Monday, July 11, 2005

They all want to tax financial transactions

You’d think with the EU and the eurozone in particular in economic doldrums, they would start thinking of ways that would encourage the financial sector among others.

Not a bit of it. All we hear is about wonderful projects that could be funded by taxing international financial transactions. First we had President Chirac telling us that such a tax should be levied to fight against AIDS. A worthy cause, naturally, but how would slowing down economic growth in the west help it remains a mystery.

Would money raised from a tax on financial transactions overcome Thabo Mbeki’s inexplicable attitude to the whole subject, he announcing periodically that the various diseases were simply a western plot against Africans, as were the treatments that must not be used?

Would such a tax prevent numerous African governments from taxing drugs, supplied for free or at cost price, at the retail level?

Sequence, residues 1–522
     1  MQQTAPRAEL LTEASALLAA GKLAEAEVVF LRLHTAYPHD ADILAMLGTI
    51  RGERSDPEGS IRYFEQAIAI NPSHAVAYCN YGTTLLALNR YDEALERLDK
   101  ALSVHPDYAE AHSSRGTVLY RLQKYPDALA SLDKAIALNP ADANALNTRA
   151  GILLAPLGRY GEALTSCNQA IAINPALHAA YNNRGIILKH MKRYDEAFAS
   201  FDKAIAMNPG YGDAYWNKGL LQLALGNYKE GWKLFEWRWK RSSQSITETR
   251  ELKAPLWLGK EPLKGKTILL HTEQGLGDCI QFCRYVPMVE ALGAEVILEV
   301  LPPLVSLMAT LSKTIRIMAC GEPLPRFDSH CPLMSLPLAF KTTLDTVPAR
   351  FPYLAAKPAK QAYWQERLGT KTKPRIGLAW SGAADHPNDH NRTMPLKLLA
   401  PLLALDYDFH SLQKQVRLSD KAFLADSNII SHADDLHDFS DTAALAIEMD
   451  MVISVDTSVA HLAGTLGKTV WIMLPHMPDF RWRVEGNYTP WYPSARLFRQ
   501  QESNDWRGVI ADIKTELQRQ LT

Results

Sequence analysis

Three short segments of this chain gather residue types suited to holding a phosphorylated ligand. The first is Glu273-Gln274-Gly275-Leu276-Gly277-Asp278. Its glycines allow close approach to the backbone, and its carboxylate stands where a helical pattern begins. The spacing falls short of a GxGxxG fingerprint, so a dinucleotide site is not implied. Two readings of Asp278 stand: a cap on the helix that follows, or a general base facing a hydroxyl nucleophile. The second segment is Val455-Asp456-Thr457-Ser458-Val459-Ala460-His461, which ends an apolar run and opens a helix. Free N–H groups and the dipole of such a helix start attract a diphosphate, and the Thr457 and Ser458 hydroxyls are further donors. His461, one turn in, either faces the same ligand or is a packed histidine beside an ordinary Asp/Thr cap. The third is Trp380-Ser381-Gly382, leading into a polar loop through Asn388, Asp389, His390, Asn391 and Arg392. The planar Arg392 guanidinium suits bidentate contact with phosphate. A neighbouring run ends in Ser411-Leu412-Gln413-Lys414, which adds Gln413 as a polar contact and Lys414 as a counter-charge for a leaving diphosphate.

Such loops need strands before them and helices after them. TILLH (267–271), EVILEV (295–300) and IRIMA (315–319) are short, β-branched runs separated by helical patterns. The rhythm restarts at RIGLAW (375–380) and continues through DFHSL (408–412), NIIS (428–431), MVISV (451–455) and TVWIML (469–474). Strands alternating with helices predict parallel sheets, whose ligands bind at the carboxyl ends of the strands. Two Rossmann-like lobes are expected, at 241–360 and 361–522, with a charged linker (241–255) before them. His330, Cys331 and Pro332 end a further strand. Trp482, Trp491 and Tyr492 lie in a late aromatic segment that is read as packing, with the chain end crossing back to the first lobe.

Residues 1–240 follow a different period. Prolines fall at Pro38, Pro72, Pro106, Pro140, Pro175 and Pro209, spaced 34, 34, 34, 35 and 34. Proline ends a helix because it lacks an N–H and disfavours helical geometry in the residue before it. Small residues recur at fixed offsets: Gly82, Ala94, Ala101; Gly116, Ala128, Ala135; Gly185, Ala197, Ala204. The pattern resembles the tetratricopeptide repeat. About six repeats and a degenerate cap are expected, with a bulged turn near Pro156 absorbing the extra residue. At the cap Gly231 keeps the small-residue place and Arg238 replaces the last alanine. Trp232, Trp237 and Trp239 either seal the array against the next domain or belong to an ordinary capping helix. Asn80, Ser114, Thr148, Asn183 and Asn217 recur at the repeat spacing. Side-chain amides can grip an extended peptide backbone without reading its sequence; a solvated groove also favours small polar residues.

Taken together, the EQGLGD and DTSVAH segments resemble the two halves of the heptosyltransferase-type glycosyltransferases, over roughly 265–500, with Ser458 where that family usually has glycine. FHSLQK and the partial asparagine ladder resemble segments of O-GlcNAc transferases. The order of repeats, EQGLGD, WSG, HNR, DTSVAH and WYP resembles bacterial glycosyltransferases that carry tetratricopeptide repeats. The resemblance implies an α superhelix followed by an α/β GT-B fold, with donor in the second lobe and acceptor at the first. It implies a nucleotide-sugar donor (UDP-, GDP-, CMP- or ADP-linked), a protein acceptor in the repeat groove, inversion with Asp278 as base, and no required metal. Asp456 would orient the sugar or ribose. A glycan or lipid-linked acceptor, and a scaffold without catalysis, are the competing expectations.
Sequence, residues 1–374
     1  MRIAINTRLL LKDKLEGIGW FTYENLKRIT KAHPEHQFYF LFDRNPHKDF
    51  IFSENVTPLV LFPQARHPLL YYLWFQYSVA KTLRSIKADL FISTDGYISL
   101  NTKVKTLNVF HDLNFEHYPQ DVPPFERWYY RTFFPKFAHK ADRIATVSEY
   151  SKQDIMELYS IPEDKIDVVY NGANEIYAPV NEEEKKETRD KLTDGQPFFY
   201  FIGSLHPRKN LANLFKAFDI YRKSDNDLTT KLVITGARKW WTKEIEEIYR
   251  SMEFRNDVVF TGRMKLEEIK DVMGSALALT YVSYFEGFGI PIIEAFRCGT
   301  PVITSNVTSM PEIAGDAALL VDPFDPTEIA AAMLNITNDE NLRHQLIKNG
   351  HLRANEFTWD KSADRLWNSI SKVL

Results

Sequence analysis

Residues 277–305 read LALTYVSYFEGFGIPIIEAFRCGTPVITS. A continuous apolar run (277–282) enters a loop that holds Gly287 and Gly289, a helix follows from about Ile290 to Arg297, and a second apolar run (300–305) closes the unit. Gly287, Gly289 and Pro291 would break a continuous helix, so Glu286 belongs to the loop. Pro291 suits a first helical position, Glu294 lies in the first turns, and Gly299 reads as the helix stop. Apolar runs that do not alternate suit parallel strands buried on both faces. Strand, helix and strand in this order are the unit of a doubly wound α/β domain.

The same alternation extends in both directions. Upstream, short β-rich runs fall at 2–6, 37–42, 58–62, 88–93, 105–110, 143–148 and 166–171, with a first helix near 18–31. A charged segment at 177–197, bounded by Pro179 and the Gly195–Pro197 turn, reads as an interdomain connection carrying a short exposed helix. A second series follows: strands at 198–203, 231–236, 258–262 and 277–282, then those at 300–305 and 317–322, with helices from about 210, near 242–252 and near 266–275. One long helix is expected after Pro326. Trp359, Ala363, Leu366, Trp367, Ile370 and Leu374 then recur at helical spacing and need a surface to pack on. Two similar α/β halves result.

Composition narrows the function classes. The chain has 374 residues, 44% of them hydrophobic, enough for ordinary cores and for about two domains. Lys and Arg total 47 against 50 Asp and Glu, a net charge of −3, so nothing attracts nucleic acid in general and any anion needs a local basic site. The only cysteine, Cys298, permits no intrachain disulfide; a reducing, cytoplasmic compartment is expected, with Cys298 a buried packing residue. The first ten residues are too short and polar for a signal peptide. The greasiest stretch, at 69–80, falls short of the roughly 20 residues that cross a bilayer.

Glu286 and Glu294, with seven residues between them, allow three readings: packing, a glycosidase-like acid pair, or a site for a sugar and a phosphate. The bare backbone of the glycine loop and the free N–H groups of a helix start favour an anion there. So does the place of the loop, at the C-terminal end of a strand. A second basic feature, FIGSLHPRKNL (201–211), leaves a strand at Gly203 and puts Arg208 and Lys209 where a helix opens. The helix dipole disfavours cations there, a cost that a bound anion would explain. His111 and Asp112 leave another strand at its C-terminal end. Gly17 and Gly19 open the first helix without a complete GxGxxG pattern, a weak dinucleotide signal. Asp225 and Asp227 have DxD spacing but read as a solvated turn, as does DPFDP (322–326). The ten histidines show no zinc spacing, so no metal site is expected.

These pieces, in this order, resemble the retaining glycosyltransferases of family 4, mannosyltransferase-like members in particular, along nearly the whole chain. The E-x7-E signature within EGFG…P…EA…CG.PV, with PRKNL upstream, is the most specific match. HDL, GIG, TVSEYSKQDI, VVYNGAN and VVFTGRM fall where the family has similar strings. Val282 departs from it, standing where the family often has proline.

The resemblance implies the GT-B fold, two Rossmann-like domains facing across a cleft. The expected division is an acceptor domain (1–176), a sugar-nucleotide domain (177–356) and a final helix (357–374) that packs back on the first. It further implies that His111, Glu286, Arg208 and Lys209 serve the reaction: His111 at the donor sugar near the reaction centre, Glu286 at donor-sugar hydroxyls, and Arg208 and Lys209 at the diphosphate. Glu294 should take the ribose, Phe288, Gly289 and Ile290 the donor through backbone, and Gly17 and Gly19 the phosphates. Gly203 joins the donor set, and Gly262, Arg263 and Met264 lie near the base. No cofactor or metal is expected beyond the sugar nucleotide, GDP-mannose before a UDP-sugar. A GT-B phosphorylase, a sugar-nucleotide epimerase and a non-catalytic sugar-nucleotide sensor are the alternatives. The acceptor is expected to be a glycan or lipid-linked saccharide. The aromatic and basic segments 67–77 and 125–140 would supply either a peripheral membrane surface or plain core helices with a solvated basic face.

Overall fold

Austrian President Schüssel, who is already looking to taking over the Presidency from Blair in January, has found an even better cause: the EU.

It is intolerable, he explained to the German Bild am Sonntag that the EU should rely on member states for its budget. It should have its own source of cash and what better source than a tax on international financial transactions.

Of course, it is unlikely that financial markets or the United States, or, for that matter, Britain or, presumably, Switzerland, would agree to such a tax. Still, it is an interesting foretaste of what we can expect from the Austrian Presidency – a fight with France, perchance, about what to do with a non-existent and completely unacceptable tax.

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